I, of course, have been crazy for hand embroidery for a long time and decided it was time to really focus on it. During the time Scott was learning to play the guitar, I started focusing on needlepoint canvas painting. I searched the internet for information to learn how to do the painting and there was nothing. Completely shocked, but I eventually found some experienced painters that were so extremely helpful. Between this, the commissions, and me learning new embroidery techniques I was very busy and enjoying my time. I often was able to do embroidery as we drove down the road to onto our next adventure or even did some work as we sat by the campfire in the late afternoons. It was a perfect set up for me and the embroidery.
In the fall of 2013, Scott and I decided we were eventually going to move into an RV and live in it permanently, traveling across the United States. We just were not sure how or when we would go through with this, but we were going to start moving that way; eventually. Less than a year later we discovered a whole new world, the Texas State Park world. We had visited Dinosaur Valley State Park in 2004, but we had not thought about them until 2014. It was this recent visit that we made the decision to go to every single Texas State Park. We would purchase a patch from all of them that had them and get a photo of us with the park signs. Once we were on number four learned there were 98 parks. This was going to be a task! Fortunately, we are not the only people doing this, there have been three people/couples who have succeeded in doing this and so we know it is able to do.
Spring 2014 we started sorting and purging everything in the 2,000 sq ft house. We had garage sale after garage sale and donated so much stuff, but we were finally able to get down to a small apartment amount of furnishings. In March 2014, we moved into a 547 sq ft apartment. What a bit of shock; it was so much smaller than the house! The apartment was small but we intended to spend as much of our time out adventuring so it isn’t a big deal. In 2016 we decided we really needed to focus and make the footprint of our living space much smaller so we sorted and purged, yet again, then moving our lives into the bedroom area. Granted this did not include the bathroom or the kitchen, but it did help us to see we were quite capable of living in a very small space.
Then it happened! On February 24, 2017, we purchased our home on wheels. It was a 1982 El Dorado Firenza; she was an all fiberglass frame on an Econoline van chaise. We proceeded to do the minor renovations needed so we could live in it for two weeks while we assisted Eisenhower State Park with some Spring Break help to see if it was truly something we wanted to pursue. Packing up a few things, we headed to Lake Texoma area and found we never wanted to leave the park; we were finally home.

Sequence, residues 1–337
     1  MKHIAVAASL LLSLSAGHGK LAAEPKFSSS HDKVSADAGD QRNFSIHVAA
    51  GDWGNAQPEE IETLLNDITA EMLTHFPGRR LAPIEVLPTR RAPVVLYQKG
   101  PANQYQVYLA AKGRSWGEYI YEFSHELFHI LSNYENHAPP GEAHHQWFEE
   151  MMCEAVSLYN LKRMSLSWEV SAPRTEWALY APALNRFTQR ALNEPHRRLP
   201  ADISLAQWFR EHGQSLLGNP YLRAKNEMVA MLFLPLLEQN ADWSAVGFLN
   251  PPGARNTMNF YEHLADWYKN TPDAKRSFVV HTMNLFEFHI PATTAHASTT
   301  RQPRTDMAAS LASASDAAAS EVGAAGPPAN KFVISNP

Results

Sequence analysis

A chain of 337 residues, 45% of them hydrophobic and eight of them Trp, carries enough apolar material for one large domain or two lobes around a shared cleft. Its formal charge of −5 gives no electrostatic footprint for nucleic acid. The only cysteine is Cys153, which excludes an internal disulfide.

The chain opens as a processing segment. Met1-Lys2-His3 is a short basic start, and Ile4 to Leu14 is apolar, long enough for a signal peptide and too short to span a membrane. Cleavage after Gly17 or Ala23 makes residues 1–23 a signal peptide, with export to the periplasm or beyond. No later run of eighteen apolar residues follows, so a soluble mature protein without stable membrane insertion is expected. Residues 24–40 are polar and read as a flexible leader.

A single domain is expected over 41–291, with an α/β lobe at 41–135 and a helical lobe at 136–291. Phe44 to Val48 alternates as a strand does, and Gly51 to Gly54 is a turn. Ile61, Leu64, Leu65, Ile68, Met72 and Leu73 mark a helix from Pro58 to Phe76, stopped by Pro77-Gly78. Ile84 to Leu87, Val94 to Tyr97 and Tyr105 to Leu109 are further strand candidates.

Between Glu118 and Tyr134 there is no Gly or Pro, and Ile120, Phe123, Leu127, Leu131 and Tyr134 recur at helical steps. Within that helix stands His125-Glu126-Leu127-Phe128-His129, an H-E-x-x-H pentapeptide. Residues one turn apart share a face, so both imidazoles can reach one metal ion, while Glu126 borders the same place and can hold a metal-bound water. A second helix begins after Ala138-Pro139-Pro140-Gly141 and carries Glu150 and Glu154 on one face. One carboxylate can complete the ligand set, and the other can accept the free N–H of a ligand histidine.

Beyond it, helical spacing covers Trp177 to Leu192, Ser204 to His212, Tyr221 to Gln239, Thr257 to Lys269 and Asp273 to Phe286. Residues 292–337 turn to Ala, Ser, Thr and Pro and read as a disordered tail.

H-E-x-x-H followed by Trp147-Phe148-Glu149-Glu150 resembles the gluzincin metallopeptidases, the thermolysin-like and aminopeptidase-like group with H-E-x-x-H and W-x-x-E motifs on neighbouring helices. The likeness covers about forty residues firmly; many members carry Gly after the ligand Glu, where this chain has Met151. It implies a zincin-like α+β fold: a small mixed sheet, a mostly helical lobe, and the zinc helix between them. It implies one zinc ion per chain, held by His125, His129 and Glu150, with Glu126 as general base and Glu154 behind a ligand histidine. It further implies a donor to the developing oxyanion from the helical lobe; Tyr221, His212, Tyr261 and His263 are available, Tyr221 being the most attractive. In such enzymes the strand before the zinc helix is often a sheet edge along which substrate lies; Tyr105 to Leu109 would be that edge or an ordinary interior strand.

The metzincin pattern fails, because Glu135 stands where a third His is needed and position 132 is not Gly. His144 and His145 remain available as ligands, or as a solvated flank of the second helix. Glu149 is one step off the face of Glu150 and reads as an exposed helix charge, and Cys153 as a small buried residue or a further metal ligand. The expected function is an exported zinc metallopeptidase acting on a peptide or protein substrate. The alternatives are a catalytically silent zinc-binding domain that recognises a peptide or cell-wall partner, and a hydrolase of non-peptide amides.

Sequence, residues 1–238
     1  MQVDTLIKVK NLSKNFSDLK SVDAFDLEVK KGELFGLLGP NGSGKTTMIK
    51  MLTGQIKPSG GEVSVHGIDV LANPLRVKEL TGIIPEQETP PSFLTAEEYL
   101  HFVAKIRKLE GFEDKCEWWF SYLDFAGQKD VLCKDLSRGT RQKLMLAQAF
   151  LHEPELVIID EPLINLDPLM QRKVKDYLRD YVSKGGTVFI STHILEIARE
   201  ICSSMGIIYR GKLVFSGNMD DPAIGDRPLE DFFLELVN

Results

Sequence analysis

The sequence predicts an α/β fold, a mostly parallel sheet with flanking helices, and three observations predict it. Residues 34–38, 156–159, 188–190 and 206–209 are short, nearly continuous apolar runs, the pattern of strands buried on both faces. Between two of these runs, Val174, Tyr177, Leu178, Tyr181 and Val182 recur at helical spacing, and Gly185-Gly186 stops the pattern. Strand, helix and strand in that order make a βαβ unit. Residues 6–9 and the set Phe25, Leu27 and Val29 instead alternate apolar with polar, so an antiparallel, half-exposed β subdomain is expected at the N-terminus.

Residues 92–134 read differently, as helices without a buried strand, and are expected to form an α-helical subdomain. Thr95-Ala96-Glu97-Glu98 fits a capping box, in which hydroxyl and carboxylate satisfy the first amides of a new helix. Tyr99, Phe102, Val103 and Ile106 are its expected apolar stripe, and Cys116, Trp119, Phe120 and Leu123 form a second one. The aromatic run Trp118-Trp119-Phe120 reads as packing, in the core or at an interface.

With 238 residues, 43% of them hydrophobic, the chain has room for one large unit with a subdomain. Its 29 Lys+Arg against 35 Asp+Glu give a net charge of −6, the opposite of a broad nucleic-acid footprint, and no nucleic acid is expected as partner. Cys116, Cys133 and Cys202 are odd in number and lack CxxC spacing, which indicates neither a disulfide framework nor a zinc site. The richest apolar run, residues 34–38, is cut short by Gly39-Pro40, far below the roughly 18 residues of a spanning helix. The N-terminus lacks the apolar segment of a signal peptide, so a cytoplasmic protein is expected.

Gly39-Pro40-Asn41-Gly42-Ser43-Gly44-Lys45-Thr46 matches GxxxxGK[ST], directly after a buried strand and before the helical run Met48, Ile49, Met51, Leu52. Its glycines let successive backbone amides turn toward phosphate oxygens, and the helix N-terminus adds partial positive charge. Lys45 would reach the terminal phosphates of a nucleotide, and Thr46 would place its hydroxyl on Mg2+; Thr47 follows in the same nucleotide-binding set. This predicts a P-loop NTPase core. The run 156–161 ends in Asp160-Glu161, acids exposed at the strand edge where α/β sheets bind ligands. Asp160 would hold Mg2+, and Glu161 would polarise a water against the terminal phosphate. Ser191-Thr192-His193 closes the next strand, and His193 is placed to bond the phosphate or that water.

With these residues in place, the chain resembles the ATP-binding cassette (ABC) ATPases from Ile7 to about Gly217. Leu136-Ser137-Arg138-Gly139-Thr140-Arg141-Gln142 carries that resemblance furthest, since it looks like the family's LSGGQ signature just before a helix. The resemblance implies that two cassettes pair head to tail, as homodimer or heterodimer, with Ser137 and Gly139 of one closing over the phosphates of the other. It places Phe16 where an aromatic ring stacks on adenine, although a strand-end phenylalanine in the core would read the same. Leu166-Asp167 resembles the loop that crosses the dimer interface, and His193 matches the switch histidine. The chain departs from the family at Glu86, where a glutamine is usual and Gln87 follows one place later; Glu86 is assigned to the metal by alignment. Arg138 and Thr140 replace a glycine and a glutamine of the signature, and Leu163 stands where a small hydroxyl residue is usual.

In December 2017, we moved to our family hometown, Tulsa, OK, and tried to remodel the RV. Because there was so much water damage to the roof, we were not able to afford the renovation or able to physically handle the work needed. There was just too much mold and I was not in good health at the time so we decided to sell the Beast. We were able to sell it to a nice young couple who spent their free time with a lot of friends. They completely gutted the RV and put in bunk beds and seating for 15. It was a great new start for this 1988 RV.
For the past three years, Scott was able to continue working for his Texas employer while I worked on various projects and spent time with my family. We were able to live in a very small studio in a historical building called the Georgian Terrace, a mobile home outside of Tulsa with a lake view drive, and in a fifth wheel on Scott’s brother’s property 45 minutes from Tulsa. At each place we were able to continue our travels that took us deep into the Arkansas Ouachita’s and up into Wyoming. But the pursuit of new counties was over five hours from where we were living and Scott’s position was ending, so it was time to move.
Scott’s company was not going to be continuing in Oklahoma so we decided it was time to move forward and move westward. We had visited Colorado Springs earlier in the summer and fell in love; it was the mountains, the mountains were calling us home. He found a position with the company he worked for, we filled a ten-foot U-haul, and headed west grabbing three new counties on the trip out there.
As of November 24, 2020, we are living in a place that we are able to have so much to explore and see. Our apartment is small, but we like it that way; this enables us to get ourselves outside of our box and find new, interesting places.